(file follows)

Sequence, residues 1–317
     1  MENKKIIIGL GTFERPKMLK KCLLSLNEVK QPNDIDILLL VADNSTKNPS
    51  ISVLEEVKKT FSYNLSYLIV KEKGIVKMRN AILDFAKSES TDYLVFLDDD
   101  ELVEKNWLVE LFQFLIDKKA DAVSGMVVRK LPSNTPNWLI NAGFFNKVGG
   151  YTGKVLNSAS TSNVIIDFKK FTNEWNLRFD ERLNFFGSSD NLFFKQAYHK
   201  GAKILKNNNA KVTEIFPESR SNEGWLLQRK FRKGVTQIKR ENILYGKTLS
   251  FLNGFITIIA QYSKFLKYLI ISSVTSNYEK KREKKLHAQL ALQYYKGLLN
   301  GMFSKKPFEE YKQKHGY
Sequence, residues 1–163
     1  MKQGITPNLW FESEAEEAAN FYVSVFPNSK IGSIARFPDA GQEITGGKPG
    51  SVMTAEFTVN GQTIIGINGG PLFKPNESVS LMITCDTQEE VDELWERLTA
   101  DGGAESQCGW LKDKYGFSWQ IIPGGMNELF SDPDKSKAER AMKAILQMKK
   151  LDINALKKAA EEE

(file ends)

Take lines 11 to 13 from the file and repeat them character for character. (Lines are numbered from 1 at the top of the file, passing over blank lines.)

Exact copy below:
    51  SVMTAEFTVN GQTIIGINGG PLFKPNESVS LMITCDTQEE VDELWERLTA
   101  DGGAESQCGW LKDKYGFSWQ IIPGGMNELF SDPDKSKAER AMKAILQMKK
   151  LDINALKKAA EEE